Dog Walking

The Dog Log

Weston dog owners and commercial dog walkers know and respect the rules regarding dogs in public spaces, which are detailed in the Dog By-law (PDF). This by-law represents the shared wisdom of the community.  It is a social compact that enables all users to safely and confidently share our common land, and protects our treasured open space.

To help ensure that we are maintaining a good balance of enjoyment and safety on our conservation lands, please feel free to share your dog experiences on Weston’s Dog Log located online at Submissions are monitored by our Animal Control Officer and the Conservation Commission.  The purpose of the Dog Log is simply to record user experiences on the trails – good, bad or neutral.

Commercial Dog Walking and Regulations

All commercial / compensated dog walkers operating within the Town of Weston must acquire a permit issued by the Town. Permit applications are available at the Weston Town Clerk's Office. Fees must be paid at the time of application. Photo identification cards and placards will be issued by the Weston Police Department following completion of the application process. 

No commercial dog walker will be permitted to walk more than 5 dogs at any one time. It is the responsibility of the walker to ensure that all dogs under their care are properly licensed and up to date on vaccinations. 

The Select Board approved Commercial Dog Walking Regulations (PDF) to accompany the Town's Dog By-law.

All Dog Walking - Residential and Commercial

All people walking dog must have in their possession a leash for each dog being walked and the means with which to pick up and properly dispose of dog waste. Waste must be properly disposed of in a trash receptacle or taken with the walker. Do not leave waste or waste in plastic bags on trails. Pet waste is toxic to the environment and to other trail users.

Dogs must be leashed when exiting the vehicle and when exiting conservation land.

Dogs must be kept on a short leash on the state's Mass Central Rail Trail at all times.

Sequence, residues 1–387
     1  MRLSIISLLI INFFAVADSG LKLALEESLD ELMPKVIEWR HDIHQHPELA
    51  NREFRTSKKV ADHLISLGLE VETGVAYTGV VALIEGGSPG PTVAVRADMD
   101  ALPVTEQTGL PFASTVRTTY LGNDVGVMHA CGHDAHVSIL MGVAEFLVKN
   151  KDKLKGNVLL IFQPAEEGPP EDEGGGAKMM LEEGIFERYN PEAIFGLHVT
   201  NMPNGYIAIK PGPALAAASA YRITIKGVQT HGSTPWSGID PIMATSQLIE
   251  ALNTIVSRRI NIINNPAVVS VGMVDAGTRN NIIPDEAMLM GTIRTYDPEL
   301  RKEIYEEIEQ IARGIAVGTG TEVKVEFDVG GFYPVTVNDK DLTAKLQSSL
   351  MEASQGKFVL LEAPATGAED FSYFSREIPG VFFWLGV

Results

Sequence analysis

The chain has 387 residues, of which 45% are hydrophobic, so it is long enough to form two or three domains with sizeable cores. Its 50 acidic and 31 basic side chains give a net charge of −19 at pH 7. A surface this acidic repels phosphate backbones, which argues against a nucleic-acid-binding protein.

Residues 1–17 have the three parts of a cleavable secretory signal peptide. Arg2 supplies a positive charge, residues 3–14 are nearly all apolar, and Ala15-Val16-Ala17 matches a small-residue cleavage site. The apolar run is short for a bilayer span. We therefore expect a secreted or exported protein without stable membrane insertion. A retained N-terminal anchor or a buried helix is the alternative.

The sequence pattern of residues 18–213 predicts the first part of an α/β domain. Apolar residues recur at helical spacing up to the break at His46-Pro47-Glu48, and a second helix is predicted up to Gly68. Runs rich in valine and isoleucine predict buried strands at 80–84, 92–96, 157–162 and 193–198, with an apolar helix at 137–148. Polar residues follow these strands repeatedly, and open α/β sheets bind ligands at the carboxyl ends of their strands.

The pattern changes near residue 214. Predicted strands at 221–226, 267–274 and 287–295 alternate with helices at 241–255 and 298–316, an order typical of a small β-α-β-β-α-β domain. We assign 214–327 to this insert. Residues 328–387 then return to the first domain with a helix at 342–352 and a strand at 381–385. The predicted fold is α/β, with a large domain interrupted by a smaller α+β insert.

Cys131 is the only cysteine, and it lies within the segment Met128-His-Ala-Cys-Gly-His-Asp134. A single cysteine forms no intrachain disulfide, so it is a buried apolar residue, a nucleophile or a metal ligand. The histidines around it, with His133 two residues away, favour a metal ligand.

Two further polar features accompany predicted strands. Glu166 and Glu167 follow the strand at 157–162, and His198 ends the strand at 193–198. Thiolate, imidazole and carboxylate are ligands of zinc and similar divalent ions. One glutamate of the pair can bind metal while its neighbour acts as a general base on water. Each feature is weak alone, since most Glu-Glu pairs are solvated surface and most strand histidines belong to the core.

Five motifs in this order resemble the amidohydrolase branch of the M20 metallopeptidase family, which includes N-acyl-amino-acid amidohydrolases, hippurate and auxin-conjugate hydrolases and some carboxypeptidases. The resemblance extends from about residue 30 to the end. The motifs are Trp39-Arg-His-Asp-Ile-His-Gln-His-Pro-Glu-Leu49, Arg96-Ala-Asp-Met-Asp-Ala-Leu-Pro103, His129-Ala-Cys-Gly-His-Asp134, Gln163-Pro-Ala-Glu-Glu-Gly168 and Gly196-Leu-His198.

Dogs must be kept on leash on the Case Estates, Legacy Trail and connectors, and abutting conservation land.

For more information on what is expected of trail users and their dogs, please see the Walking Your Dog in Weston (PDF) brochure that was produced by the Conservation Commission.

Dog Waste in the Environment

The Leave No Trace for Outdoor Ethics organization conducted a study on “canine defecation events” on 45,000 acres of conservation land in Boulder, Colorado. In summary, dog waste left to decompose is really, really harmful. 

All wildlife in our conservation lands forage for food in their home environment, which means they’re consuming resources and nutrients from the same ecosystem in which they live. After they’ve digested and absorbed that food, the same resources and nutrients are returned to the ecosystem via their scat. The system is basically a closed loop, with no net gain or loss in nutrients or resources. However, dogs eat pet food rich in nutrients designed to provide them with a complete diet. The dog  expels the excess nutrients, such as nitrogen and phosphorus, through its waste. When that is left to decompose in our woods, the excess nutrients are released into the ecosystem. 

It was found that those foreign or excessive nutrients can create unstable conditions for native plants and an inviting habitat for invasive plants. Invasives can choke out the native species. Dog waste does not present a closed loop but rather a cycle of damage. If those native plants disappear, then the potential for fewer food sources for the wildlife is presented in our woods. 

Additional damage caused by dog waste that is not picked up is to our natural waterways.  The decomposing dog waste also contains harmful pathogens. When it rains, these excess nutrients and pathogens runoff into nearby water sources, which then can cause harmful algae blooms in our water ways. Algae blooms make the water murky, green, smelly, and unusable for swimming, boating, or fishing. The algae blooms, as well as the pathogens, can make humans and animals sick.